If you lack flexibility, you may be tempted to bend the knee on the straight leg to help you better reach the lower leg or floor. However, this changes the posture and should be avoided. Using a yoga block allows you to retain a proper position, getting the most from Triangle pose while avoiding injury.

In the past, practitioners were advised to keep their hips aligned during Triangle. However, it’s important to allow the hip in the non-extended leg to roll forward during this pose. This means that if the left foot is turned out, the right hip rolls forward. If the right foot is turned out, the left hip should be forward. This keeps from placing too much stress on the lower back and sacroiliac joint.

When doing Triangle, also keep the shoulders back. Imagine the shoulder blades being drawn together. This helps keep the torso properly aligned.

3 Triangle Pose Variations

Triangle can be modified in a few different ways. Here are three to consider.

#1: Revolved Triangle Pose (Parivrtta Trikonasana)

Revolved Triangle involves more rotation in the hips and torso. To do it, you twist your body and place the opposite hand next to the extended leg on the floor, to the outside of the foot. For example, imagine that your right leg is extended, with the right foot pointing to the side. During this Triangle variation, you would twist your torso so you’re facing behind you, and then place your left hand on the floor on the outside of your right foot. The right arm would be pointing toward the ceiling, which is where the face is directed as well.

#2: Bound Triangle Pose (Baddha Trikonasana)

If you want to make Triangle harder, you can also do Bound Triangle. The leg stance of Bound Triangle is similar to that of the traditional Triangle posture. However, instead of the arms being extended to the ceiling and floor, they’re in a bind position behind the extended leg. This deepens both the lower and upper body stretch.

#3: Extended Triangle Pose (Utthita Trikonasana)

Extended Triangle is another more difficult Triangle variation. When doing this pose, the torso is lowered to the side more. This allows the hand to reach the toes. Advanced hip flexibility is required to get into this position. Flexible hamstrings help as well.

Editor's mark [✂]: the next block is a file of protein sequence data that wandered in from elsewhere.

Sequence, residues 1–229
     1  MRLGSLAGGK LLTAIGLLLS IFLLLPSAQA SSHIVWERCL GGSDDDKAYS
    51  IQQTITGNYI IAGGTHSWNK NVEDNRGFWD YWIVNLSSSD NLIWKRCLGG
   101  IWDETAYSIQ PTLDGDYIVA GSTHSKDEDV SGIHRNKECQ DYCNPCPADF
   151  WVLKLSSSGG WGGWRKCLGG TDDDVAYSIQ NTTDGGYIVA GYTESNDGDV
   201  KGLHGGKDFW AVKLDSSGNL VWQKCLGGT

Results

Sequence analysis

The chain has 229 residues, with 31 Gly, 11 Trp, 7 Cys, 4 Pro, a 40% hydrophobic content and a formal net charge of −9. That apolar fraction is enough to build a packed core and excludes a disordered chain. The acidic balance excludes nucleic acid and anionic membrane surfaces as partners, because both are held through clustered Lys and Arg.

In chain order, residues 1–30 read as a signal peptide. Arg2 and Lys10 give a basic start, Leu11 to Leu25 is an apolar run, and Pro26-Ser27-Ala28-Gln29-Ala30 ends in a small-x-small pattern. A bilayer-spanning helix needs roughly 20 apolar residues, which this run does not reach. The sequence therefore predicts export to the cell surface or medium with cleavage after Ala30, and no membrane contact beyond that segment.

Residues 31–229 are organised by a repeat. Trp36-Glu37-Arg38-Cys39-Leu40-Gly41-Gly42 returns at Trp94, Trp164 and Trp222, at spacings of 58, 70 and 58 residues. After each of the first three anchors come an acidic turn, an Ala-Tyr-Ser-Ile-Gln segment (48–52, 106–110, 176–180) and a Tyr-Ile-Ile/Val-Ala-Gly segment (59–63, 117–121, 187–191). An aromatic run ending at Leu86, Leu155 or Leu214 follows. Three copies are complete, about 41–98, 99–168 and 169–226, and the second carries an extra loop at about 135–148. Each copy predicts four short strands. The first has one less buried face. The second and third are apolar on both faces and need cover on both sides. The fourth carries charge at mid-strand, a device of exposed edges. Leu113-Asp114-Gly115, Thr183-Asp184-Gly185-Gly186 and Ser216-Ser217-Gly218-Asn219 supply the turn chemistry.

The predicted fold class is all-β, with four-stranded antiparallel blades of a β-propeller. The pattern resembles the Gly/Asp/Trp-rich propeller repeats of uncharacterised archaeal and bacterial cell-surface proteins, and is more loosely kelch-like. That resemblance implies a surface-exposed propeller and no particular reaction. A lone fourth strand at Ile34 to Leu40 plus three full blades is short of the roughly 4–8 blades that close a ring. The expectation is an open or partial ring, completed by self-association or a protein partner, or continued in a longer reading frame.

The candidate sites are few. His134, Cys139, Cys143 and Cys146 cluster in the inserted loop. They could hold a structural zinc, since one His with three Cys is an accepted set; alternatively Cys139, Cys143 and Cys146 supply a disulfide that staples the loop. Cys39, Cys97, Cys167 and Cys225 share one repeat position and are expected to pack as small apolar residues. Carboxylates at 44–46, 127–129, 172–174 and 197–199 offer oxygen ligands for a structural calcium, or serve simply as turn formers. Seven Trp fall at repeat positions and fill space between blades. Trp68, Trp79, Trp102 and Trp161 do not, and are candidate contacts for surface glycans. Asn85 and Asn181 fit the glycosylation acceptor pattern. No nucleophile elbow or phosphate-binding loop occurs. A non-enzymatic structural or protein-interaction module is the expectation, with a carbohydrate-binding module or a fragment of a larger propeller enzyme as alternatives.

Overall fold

Who Should Not Do Triangle Pose?

Individuals with range of motion issues in their lower body may have a difficult time doing this pose. This includes those with osteoarthritis or an injury to the hip, knee, or ankle area. 

This is because Triangle pose requires a large range of motion in these joints. According to one study, this pose required an even greater range of motion in the hip, knee, and ankle joints in the sagittal and frontal planes than both the Crescent Lunge and Warrior II poses.

Triangle also may not be recommended for people with head, neck, or back injuries. Staying in position can put stress on these areas. 

Incorporating This Yoga Pose in a Sequence

In a yoga sequence, practitioners should be able to transition smoothly from one pose to the next. Because it shares a similar stance, Warrior II is a good preparatory pose. Extended Side Angle pose is another that fits well when placed before Triangle in a sequence. When coming out of Triangle, Half Moon is a good pose to transition into. 

If you want to learn more about this pose and others, you can do so in ISSA Yoga & Wellness Academy’s 200-hour Yoga Teacher Training course. Whether you use this course to deepen your own yoga practice or want to learn how to lead a safe and effective yoga class, you’ll walk away with more yoga-related knowledge and skills. You’ll also know how to maximize this practice’s benefits!